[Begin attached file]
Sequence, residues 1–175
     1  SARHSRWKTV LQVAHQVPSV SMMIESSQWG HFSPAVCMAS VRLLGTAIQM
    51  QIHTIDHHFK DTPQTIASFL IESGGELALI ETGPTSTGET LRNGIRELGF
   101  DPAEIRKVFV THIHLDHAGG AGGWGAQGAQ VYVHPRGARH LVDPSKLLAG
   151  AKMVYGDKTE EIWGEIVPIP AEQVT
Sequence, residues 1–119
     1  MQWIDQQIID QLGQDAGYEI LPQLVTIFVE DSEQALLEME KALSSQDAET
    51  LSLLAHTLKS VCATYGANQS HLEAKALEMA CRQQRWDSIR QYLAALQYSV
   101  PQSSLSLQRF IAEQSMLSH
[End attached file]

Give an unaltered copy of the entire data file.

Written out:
Sequence, residues 1–175
     1  SARHSRWKTV LQVAHQVPSV SMMIESSQWG HFSPAVCMAS VRLLGTAIQM
    51  QIHTIDHHFK DTPQTIASFL IESGGELALI ETGPTSTGET LRNGIRELGF
   101  DPAEIRKVFV THIHLDHAGG AGGWGAQGAQ VYVHPRGARH LVDPSKLLAG
   151  AKMVYGDKTE EIWGEIVPIP AEQVT
Sequence, residues 1–119
     1  MQWIDQQIID QLGQDAGYEI LPQLVTIFVE DSEQALLEME KALSSQDAET
    51  LSLLAHTLKS VCATYGANQS HLEAKALEMA CRQQRWDSIR QYLAALQYSV
   101  PQSSLSLQRF IAEQSMLSH